A Supreme Court bench comprising Justices Ajay Rastogi and Abhay S. Oka, on Friday, stayed a Kerala High Court’s order, issued on August 26, 2019, quashing a First Information Report (FIR) registered against an accused under the Protection of Children from Sexual Offences (POCSO) Act, 2012 only on the basis of a compromise being carried out between the parties.
The bench issued notice, returnable in eight weeks while staying the High Court’s order, and permitted the state police to undertake further investigation in the case.
In the instant case, The State of Kerala vs. Hafsal Rahman N.K. & Ors., the accused, who was 36 years old, and belongs to the Malappuram district in the state, was booked for offences under Sections 9(f) and 10 of the POCSO Act. Section 9(f) deals with the punishment of the accused who is on the management or staff of an educational institution or religious institution. Section 10 prescribes stringent punishment for aggravated sexual assault, and lays down a minimum of five years imprisonment, extendable to seven years and with fine.
The Kerala High Court noted in its order, issued by Justice Alexander Thomas, that the entire dispute between the petitioner and the respondents had been settled “amicably” with the the minor girl’s mother submitting an affidavit that she had no objection towards the quashing of the impugned criminal proceedings pending against the accused. Before the Kerala High Court, the prosecution, on the basis of the inquiry conducted by the investigating officer, claimed that the settlement arrived at between the accused and the complainant appeared to be genuine.
The accused, who was a teacher of the victim girl, allegedly called the student to his room, and touched her cheeks and kissed on her forehead. The High Court reasoned that in a catena of decisions, the Supreme Court has held that, in appropriate cases involving even non-compoundable offences, the High Court can quash prosecution by exercise of the powers under Section 482 of the Criminal Procedure Code, if the parties have really settled the whole dispute or if the continuance of the prosecution would not serve any purpose, other than wasting the precious time of the court. The High Court, in particular, cited Gian Singh vs. State of Punjab (2012) and Narinder Singh & Ors. vs. State of Punjab (2014) (particularly paragraph 29) in favour of quashing the FIR against the accused on the ground of settlement of the disputes between the parties.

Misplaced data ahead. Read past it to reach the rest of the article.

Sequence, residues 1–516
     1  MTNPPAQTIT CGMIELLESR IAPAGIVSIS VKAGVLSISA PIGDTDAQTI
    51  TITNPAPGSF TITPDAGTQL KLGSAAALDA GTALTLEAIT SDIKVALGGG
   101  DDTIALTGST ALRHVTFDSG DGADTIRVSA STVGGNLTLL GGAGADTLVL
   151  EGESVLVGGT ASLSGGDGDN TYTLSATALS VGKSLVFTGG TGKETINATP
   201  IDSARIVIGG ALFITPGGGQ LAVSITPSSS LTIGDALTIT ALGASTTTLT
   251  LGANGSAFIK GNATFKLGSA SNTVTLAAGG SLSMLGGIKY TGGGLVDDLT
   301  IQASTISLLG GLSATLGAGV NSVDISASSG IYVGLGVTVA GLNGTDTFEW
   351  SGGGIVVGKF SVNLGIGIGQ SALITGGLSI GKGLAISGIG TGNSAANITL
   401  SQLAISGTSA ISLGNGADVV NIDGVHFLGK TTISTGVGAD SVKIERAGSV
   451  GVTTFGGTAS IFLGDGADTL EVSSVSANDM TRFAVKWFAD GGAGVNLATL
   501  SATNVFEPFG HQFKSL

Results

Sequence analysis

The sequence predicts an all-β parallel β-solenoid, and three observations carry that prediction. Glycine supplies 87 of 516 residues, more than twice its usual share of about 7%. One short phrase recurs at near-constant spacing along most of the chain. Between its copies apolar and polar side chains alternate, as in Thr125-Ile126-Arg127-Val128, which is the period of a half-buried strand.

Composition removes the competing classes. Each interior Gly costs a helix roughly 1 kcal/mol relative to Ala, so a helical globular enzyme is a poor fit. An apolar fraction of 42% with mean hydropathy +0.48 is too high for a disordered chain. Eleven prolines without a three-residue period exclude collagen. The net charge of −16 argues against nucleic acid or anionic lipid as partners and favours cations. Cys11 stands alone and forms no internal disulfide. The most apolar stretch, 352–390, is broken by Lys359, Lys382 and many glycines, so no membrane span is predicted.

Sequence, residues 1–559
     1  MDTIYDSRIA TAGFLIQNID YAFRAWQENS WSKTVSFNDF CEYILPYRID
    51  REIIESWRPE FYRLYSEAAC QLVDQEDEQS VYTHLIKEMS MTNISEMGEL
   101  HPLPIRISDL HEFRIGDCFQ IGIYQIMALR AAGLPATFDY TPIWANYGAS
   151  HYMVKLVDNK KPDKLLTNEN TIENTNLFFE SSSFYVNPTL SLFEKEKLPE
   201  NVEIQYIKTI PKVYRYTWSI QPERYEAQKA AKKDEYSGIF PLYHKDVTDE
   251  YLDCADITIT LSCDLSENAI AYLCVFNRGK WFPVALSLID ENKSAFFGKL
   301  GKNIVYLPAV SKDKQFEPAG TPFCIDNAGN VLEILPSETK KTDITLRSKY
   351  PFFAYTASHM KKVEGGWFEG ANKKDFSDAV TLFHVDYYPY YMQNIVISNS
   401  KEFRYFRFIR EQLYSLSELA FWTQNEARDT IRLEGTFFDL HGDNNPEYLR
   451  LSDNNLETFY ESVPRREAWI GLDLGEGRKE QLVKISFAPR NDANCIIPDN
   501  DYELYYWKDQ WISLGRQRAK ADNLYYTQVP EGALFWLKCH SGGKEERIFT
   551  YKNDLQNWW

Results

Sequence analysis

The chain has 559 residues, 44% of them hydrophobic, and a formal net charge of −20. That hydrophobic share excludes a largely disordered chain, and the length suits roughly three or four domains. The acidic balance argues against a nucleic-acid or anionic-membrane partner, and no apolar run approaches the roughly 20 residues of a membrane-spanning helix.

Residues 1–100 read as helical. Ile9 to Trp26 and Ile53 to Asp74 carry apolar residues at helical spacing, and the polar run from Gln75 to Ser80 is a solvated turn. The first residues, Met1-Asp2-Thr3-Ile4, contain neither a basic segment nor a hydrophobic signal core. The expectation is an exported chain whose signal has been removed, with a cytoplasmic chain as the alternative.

In Laxmi Narayan, Justice M.R. Shah of the Supreme Court held that the High Court in that case has not at all considered the relevant facts and circumstances of the case, more particularly the seriousness of the offences and its social impact, while quashing the FIR as a result of the settlement between the parties, though it was a non-compoundable offence. The High Court has not at all considered the distinction between a personal or private wrong and a social wrong and the social impact, Justice Shah held in that case.
In the case at hand, the High Court has not at all taken pains to scrutinise the entire conspectus of facts in proper perspective and has quashed the criminal proceedings mechanically, Justice Shah had observed.
In the instant case, the Kerala High Court appears to have missed Justice Shah’s judgment, delivered on March 5, 2019, even though it was pronounced by a three-judge bench as a result of conflicting decisions by two previous benches of the Supreme Court in similar cases. The Kerala High Court relied on the Gian Singh and Narinder Singh judgments, but it missed Justice Shah’s reinterpretation of these judgments in the Laxmi Narayan case.